| Hi Taylor:
Prices being what they are, I'm trying to tighten up my spending.
I've never felt the need to budget before so I'm starting from scratch.
Any tips? - Melanie
Hi Melanie: I lived the first half of my life mostly averse to
budgeting, but my wife helped me see the light and I'm glad you're
thinking of making a spending plan. It's good to keep in mind that
budgeting doesn't always equal penny pinching-a good plan is what
helps you buy a house or a business or retire early. With those things
in mind, here are my tips.
macro. Especially with inflation being one of the factors
pushing you to spend more thoughtfully, you need to avoid the
pitfall of only taking certain expenditures into account. In other
words, your budget can't just be about groceries. You need to
ask yourself a bunch of questions: are you saving for retirement?
Do you have an emergency fund? Are you saving for a house/kids'
college/vacations? How aggressively are you paying off your student
loans? The cost of milk might feel like the biggest burden in
your life, but the real culprit could be $500/month going to debt.
Look at the whole picture before you start moving money around.
2. Figure out a purpose. Over the years, it's become clear
to me that the most successful spending plans are goal-driven.
Whether it's paying off credit cards, saving for a new car, or
trying to retire by 50, you need some objective that will keep
you in line when spending opportunities pop up. If you're just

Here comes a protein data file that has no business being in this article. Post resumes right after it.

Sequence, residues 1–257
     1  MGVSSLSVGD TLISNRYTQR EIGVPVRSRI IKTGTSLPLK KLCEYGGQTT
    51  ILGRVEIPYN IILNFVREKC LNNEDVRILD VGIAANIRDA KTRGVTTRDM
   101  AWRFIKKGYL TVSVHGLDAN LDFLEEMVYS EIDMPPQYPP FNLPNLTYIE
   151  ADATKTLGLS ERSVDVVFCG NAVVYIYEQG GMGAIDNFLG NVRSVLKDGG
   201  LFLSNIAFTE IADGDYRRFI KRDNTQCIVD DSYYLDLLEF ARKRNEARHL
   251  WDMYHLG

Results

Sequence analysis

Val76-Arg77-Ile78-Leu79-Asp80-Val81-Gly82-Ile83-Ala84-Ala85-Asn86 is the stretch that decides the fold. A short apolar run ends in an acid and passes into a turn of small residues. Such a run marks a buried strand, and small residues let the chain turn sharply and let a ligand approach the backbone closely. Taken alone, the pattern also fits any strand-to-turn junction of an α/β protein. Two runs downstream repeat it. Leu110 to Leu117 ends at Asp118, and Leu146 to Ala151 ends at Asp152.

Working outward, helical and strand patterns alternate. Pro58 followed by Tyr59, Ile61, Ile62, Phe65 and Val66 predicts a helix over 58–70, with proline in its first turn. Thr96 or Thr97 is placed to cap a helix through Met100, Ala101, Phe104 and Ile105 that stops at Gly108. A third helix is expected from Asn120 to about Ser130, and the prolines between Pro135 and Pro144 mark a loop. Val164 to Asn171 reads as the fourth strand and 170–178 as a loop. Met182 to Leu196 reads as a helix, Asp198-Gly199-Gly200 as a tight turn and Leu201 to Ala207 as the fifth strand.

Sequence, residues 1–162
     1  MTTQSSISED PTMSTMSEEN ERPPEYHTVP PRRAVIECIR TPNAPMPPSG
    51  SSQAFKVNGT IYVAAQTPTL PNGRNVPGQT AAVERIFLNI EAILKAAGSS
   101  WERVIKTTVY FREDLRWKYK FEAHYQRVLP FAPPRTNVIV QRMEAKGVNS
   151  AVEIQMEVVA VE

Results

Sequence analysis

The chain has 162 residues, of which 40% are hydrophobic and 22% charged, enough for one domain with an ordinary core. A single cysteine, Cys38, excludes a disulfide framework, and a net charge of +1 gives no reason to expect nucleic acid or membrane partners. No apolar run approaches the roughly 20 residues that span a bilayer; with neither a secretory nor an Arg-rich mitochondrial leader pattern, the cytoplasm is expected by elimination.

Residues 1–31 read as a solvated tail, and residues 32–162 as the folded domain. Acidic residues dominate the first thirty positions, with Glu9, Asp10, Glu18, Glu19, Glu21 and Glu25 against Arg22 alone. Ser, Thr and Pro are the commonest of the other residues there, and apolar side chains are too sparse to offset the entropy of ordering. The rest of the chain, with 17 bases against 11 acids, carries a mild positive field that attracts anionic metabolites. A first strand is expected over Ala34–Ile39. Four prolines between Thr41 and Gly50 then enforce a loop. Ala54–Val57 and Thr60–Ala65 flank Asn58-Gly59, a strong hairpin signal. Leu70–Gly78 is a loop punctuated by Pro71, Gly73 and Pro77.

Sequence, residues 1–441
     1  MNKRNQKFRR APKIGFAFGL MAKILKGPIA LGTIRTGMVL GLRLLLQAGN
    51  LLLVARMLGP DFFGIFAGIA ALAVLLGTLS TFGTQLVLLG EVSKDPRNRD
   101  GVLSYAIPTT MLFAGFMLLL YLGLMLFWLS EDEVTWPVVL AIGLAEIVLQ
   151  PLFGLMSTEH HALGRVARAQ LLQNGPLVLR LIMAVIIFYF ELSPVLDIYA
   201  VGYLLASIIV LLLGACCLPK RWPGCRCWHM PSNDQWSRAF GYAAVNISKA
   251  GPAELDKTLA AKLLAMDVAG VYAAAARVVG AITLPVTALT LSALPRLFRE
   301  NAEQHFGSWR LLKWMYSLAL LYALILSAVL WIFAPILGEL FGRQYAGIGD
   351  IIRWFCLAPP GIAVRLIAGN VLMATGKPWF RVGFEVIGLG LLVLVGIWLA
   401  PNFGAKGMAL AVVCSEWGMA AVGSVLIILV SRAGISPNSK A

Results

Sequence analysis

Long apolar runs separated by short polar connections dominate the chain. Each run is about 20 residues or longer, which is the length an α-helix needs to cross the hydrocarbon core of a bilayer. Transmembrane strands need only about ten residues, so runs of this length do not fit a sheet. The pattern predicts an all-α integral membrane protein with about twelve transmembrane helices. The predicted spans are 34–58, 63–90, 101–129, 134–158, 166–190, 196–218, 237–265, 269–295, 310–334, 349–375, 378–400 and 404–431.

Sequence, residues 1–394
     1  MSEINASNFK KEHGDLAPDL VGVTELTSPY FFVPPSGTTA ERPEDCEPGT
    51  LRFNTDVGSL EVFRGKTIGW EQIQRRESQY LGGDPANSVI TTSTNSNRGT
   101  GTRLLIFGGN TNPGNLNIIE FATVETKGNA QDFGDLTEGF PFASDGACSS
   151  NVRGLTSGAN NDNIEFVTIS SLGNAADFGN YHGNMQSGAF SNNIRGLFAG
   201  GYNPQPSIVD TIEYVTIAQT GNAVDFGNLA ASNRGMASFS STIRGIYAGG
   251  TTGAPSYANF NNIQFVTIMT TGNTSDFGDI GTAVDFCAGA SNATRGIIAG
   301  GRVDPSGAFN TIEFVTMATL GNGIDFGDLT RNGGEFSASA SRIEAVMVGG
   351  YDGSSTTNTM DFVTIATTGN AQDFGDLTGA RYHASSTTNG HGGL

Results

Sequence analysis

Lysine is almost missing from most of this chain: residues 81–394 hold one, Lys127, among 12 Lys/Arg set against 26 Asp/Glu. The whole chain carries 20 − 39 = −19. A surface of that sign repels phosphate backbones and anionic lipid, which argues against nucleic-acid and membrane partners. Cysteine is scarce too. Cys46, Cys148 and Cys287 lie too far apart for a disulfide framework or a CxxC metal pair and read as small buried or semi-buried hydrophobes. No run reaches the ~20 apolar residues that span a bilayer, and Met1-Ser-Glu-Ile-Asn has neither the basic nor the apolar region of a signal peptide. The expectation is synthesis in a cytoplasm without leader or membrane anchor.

noticing more money leaving your checking account than normal,
that's a great reason to develop a spending plan, but it's still
worth setting a couple of goals. If nothing else, look to free
up an extra $250 a month to put into your retirement account or
stock portfolio. When we know why we're trying to save money,
we always do a much better job at it.
3. Try to be realistic. "I'll just eat beans and rice for
three months and save a fortune!" is not a good budgeting plan.
You want to set yourself up for success, even if that means keeping
the bar relatively low. Have you been spending $900 a month on
groceries? See if you can get it down to $800. Check out some
of the alternative cell service providers to see if you can cut
spending there, or focus on driving less and saving on gas. If
you do a lot of little things, it will add up without feeling
overwhelming. If you try and fail at one big thing, all you've
done is sabotage your plan.
| Some people
budget every single cent, others take a more general approach. I'm
open to whatever works for you and actually makes you accountable
for your spending. Set goals you believe in and I'm sure you'll be
fine. Good luck!
© Taylor Kovar
April 21, 2022
More "Go Far With Kovar"
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an offer or solicitation for the sale or purchase of any specific
securities, investments, or investment strategies. Investments involve
risk and, unless otherwise stated, are not guaranteed. Be sure to
first consult with a qualified financial adviser and/or tax professional
before implementing any strategy discussed herein. To submit a question
to be answered in this column, please send it via email to Question@GoFarWithKovar.com,
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